When galaxies collide or get too close to each other, it can have a formative impact – and so can our Milky Way. Now astronomers have discovered that one of our small neighbors, the Sagittarius dwarf galaxy, may have had a decisive influence on star formation in our galaxy. This dwarf galaxy has migrated through the Milky Way three times in the last six billion years. This caused a strong boost in star formation each time, the researchers report. Our sun may also have formed in the first of these stellar surges about 5.7 billion years ago.
The Milky Way does not move through space in isolation, but has experienced close approximations or even violent collisions with neighboring galaxies over the course of its history. In some of these carambolages, both partners got away with it and exchanged only gases and stars with each other. About ten billion years ago, however, the Milky Way experienced such a violent collision with a dwarf galaxy that it was completely torn apart. From the remnants and the stars hurled around our galaxy probably only the dense “star bump” in the Milky Way center and also much of the surrounding halo originated. Observations of collisions of other galaxies also show that such events often lead to periods of increased star formation in the collision partners. The strong turbulence promotes the collapse of gas clouds and thus the formation of new stars.
Star formation surges after galaxy passage
Astronomers led by Tomas Ruiz-Lara of the Astrophysical Institute of the Canary Islands in Tenerife have now identified an important factor influencing the star formation of our Milky Way. “Existing models show that the Sagittarius dwarf galaxy has crashed into the Milky Way three times – almost six billion years ago, two billion years ago, and about a billion years ago,” explains Ruiz-Lara. Currently, this elliptical dwarf galaxy is about 50,000 light-years from the Milky Way center and contains about one billion mostly old stars. According to the theory, it moved through the star disk of our galaxy from above or below when it collided. To find out what the consequences of these passages were, astronomers looked at the star catalog created using data from ESA’s Gaia satellite and analyzed the luminosity, distances, and temperature colors of stars within a radius of about 6,500 light-years around the sun.
From this data, astronomers were able to conclude the age and thus the time of origin of these stars. “We then compared the times when we noticed increased star formation with those at which the Sagittarius dwarf galaxy fell into the Milky Way,” the astronomers explained. In fact, they found a link: “We found three periods of strong star formation that peaked 5.7 billion years ago, 1.9 billion years ago, and one billion years ago,” Ruiz-Lara reports. “This corresponds to the time when the Sagittarius galaxy is said to have migrated through the disc of the Milky Way.” These collisions may have set gas and dust in motion in our galaxy in such a way that gas clouds collapsed in many places and thus gave birth to new stars. “This is the first time we have broken down the star-forming history of the Milky Way in such detail,” said Timo Prusti, a Gaia project scientist who was not involved in the study.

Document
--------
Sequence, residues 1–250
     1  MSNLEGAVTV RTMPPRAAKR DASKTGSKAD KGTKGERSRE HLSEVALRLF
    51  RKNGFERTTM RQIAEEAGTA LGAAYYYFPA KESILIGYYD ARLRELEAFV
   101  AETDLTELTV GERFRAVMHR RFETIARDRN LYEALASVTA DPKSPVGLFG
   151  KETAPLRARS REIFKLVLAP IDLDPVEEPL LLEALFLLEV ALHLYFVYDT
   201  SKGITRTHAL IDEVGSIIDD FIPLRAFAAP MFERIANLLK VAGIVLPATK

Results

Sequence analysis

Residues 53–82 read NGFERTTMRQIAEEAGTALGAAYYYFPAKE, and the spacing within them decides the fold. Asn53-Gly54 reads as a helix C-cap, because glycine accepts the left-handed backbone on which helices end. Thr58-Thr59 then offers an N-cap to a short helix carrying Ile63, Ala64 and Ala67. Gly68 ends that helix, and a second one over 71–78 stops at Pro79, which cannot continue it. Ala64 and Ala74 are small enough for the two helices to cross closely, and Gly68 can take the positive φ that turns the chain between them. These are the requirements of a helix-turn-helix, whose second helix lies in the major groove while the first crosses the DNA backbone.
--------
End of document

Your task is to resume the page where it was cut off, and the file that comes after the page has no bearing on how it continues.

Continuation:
Stimulation for the formation of our sun?
The first of these collisions could be particularly exciting, around 5.7 billion years ago. This is because it occurred just before the star-forming push, in which our sun was formed about 4.7 billion years ago. “The sun formed at the time when the stars formed in the aftermath of the first passage of Sagittarius,” says Ruiz-Lara’s colleague Carme Gallart. “We do not know whether or not the gas and dust cloud in which the sun originated collapsed in the course of the Sagittarius Passage. But it’s a very conceivable scenario because the age of the sun fits well with a star that was created as a result of this collision.” Thus, in the end, we could only owe our existence to this galactic carambola with our smaller neighbor. “Sagittarius has not only influenced the structure and stellar dynamics of our Milky Way, but it has also helped it grow,” Gallart says.
For the Sagittarius dwarf galaxy, however, these repeated collisions were far less positive. The observations suggest that she lost a large part of her gas on her first passage. As a result, the material supply for new stars was missing and the formation of stars in the dwarf galaxy received a strong dampener, as the astronomers explained. With each passage, Sagittarius also lost further gas and became smaller.
Source: Tomas Ruiz-Lara (Instituto de Astrofésica de Canarias, Tenerife) et al., Nature Astronomy, doi: 10.1038/s41550-020-1097-0